Following a recent court case of child neglect in Galway, we look at how such cases are reported
The recent case of abuse and neglect in the west of Ireland has again raised the issue of how people can report child abuse.
A mother has been jailed for four years on charges of cruelty and neglect to some of her children on Monday.
Child protection services became involved with the family in 2006, but some of the most serious allegations did not come to light until five years later.
What should you do if you suspect a child may be subject to abuse or neglect?
If you have any concerns about a child you should report it to the Child and Family Agency, Tusla here.
A report can be made in person, by telephone or in writing.
Any member of the public who has a concern about a child can contact the local social work duty service in the area where the child lives for advice about reporting concerns.
If a child is in danger outside office hours, you should contact the gardaí.
Under the Protection of Persons Reporting Child Abuse Act 1998, so long as you report what you believe is true and it is done in good faith, you cannot be sued.
Under Irish law, the Child and Family Agency has the authority to assess all reports of child abuse.
Assessments are carried out by Child and Family Agency social workers.
Tusla says: "If a child is in immediate danger such as being left at home alone, being badly beaten, being sexually abused, then there will be an immediate response".
"This may involve the child being taken to a safe place until a full assessment is done. A safe place will often be with the extended family".
"Only in a few cases will a child be placed in temporary foster care or Child and Family Agency residential care," it adds.
Child and Family Agency social workers work closely with the gardaí, who are in charge of criminal investigations.
The Children First - National Guidelines for the Protection and Welfare of Children was updated in 2011, and emphasises that the welfare of children is of paramount importance.
In October 2013, there were 5,886 children in care and 91% of these had an allocated social worker, according to the Health Service Executive (HSE).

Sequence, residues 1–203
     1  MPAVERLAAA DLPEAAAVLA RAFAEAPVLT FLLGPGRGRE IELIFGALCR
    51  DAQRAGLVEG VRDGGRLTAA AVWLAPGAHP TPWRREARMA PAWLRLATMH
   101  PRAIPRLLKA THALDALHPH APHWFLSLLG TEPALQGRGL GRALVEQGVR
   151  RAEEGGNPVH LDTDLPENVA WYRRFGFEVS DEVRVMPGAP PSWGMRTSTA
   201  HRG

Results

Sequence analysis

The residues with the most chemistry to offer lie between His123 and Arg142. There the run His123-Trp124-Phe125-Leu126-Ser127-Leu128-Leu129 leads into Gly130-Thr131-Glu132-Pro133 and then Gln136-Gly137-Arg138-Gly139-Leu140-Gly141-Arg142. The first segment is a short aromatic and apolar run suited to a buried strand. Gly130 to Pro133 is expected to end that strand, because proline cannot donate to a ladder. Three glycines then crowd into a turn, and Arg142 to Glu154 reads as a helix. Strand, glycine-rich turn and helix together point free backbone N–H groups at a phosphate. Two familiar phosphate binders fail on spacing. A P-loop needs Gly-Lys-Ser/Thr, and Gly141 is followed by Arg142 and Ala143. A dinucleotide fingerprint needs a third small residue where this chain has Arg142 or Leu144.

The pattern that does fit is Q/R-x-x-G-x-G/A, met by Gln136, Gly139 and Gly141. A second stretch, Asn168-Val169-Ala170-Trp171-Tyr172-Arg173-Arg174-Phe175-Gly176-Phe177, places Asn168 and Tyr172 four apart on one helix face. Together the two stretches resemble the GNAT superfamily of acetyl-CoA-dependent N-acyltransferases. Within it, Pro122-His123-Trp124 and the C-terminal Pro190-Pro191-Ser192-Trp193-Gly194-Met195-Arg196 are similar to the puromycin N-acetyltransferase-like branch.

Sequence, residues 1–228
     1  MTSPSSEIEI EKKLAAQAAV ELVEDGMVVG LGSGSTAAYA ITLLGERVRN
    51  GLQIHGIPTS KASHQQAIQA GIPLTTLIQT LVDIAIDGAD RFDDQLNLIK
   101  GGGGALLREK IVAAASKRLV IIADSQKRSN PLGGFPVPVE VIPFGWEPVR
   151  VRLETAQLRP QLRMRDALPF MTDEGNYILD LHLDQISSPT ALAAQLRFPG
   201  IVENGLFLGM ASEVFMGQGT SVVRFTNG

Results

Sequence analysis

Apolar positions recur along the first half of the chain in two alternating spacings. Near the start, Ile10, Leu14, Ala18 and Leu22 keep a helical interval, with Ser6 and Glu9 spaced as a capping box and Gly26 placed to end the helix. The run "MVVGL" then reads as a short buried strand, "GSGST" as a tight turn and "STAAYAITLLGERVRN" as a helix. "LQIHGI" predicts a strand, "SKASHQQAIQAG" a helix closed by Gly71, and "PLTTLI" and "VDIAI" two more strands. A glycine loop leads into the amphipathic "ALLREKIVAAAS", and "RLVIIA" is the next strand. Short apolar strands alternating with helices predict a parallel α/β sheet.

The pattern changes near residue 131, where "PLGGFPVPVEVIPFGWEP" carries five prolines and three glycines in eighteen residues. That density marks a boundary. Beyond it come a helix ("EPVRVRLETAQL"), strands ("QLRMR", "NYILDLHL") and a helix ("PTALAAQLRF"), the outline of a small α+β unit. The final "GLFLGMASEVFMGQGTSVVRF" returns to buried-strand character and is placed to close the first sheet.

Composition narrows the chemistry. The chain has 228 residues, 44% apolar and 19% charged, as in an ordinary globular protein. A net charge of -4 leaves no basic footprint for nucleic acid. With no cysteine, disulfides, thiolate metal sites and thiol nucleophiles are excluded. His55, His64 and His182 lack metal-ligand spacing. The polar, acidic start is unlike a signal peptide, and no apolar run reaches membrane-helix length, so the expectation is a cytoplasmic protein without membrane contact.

In 2011, there was 21,040 child welfare and protection reports received by social workers - this was an increase of more than 50% since 2006.
There were increases in all child protection categories with reports for emotional abuse up by 60% from 2,500 in 2010 to 4,011 in 2011.
In 2011, 48% of the children in care were girls and 52% were boys.
The age profile was 37% aged 0-8 years, 32% between 9-13 years and 31% were aged 14-17 years.
In 2013, over half (54%) of admissions to care were due to child welfare concerns, and 46% were due to child abuse.
In 2012, there were rises in all categories of abuse as the primary reason for admission to care.
The highest proportionate rises were seen for emotional abuse and neglect.
The figures from Tusla show a drop in the number of children in care for 2013.
The four types of abuse are:
Neglect occurs where a child suffers significant harm by being deprived of such things as food, clothes, hygiene, medical care, intellectual stimulation and supervision. The neglect generally becomes apparent in different ways over time rather than at a specific point. Significant harm occurs where the child’s needs are neglected to such an extent that his/her wellbeing and/or development are severely affected.
Emotional abuse occurs where a child’s need for affection, approval and security is not being met by the child’s parents or carer. Examples of this are unreasonable disciplinary measures, premature imposition of responsibility and exposure to domestic violence. The effects of emotional abuse on a child are shown through the child’s behaviour, emotional state or development.
Physical abuse occurs where a child is deliberately injured or is injured due to the deliberate failure of the child’s carer to protect the child. Examples of physical abuse are shaking a child, use of excessive force or allowing a substantial risk of injury to a child.
Sexual abuse occurs where a child is used by someone for their own, or someone else’s, gratification or sexual arousal.
Advice, guidance and support can be found here